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Posted by on November 9, 2016 in Epistles of Peter

 

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Believers Are Kept by the Power of God!

from Google Images

from Google Images

If, as Peter claims in 1Peter 1:4, our inheritance is kept safe by God in heaven, what can be said of the lives we live in the present? Our future is secure, but what practical good does that have for us in the present? Peter clams that we, who will inherit immortality, are also presently protected by the power of God (1Peter 1:5). In other words, we are not left alone to face the world by ourselves. Our protection is made effectual through faith. Our faith in God—trusting him—permits him to act on our behalf. Our free will is important to God, so he will not act for us, unless we put our trust in the fact that he cares and will use his almighty power to help us. Read the rest of this entry »

 
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Posted by on November 7, 2016 in Epistles of Peter

 

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Three Great Things

from Google Images

from Google Images

It is interesting to watch Peter’s behavior in the Gospel records. He is so impetuous, seemingly so ready to stand with Christ and declare his loyalty to him. Of all the Apostles, he is the most endearing, perhaps because, more than any of the others, he is willing to go on record, to act at once, rather than wait to see which way popular opinion was trending. No doubt, because of this characteristic, the Gospels record Peter doing three great things: making a great claim, making a great boast, and making a great error. Read the rest of this entry »

 
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Posted by on October 31, 2016 in Epistles of Peter

 

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The Persecution in Asia Minor

from Google Images

from Google Images

In my two previous blogposts regarding First and Second Peter, I have argued that Peter, the apostle of Jesus, was the author of both epistles. Moreover, the epistles had to have been written sometime before the persecution that developed surrounding the fire that burnt much of Rome in 64 AD. Therefore, the persecution that Peter mentions, occurring in the five Roman provinces of Asia Minor, must be a different persecution than that begun by Nero at Rome. Read the rest of this entry »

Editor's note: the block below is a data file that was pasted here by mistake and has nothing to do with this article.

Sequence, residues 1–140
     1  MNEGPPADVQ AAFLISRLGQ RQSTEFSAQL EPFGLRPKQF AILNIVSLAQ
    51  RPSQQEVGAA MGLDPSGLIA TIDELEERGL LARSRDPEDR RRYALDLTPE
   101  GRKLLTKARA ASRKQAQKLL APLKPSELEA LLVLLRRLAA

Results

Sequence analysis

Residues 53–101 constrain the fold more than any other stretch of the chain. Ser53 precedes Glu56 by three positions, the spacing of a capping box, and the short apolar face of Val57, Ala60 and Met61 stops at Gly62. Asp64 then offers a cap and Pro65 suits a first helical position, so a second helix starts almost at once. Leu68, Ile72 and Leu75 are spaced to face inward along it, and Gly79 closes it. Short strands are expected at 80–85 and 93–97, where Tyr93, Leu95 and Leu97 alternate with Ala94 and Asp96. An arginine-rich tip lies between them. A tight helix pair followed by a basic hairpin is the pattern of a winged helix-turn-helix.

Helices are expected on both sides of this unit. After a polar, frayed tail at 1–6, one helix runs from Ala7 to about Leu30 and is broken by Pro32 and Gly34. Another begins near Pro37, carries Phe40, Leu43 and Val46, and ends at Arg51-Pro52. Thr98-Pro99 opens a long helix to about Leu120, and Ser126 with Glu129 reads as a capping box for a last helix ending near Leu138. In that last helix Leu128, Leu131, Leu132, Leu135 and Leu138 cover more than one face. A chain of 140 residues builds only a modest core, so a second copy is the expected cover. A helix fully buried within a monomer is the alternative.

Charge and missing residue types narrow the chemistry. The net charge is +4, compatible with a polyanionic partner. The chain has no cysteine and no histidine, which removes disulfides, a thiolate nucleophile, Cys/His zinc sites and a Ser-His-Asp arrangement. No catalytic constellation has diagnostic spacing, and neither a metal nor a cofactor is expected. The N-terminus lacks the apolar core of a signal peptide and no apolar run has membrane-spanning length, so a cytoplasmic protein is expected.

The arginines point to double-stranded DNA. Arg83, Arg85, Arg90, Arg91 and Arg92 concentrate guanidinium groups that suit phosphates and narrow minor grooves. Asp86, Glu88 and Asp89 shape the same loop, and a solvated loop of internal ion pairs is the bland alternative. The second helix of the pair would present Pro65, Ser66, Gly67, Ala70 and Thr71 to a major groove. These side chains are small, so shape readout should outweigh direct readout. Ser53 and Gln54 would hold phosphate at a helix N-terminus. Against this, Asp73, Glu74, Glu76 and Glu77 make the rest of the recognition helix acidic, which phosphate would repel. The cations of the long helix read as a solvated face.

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Posted by on October 28, 2016 in Epistles of Peter

 

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The Baptism of Fire

Baptism of Fire

from Google Images

In a previous blog post (HERE), I described the baptism of the Holy Spirit or the Messiah’s baptism as referred to by John (Luke 3:16-17). Nevertheless, John describes the Messiah’s baptism as one “with the Holy Spirit and fire” (Luke 3:16; cf. Matthew 3:11). That is, it seems John referred to a single baptism or an immersion in both the Holy Spirit and fire. Some have understood John to mean Jesus would baptize his disciples with the Holy Spirit and the world (or those who reject him) with fire, but I don’t think John meant that at all. In Matthew’s account (Matthew 3:11) the single preposition en (G1722)[1] is used for both the Holy Spirit and fire, indicating a single baptism. Read the rest of this entry »

 
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Posted by on August 4, 2016 in Gospel of Luke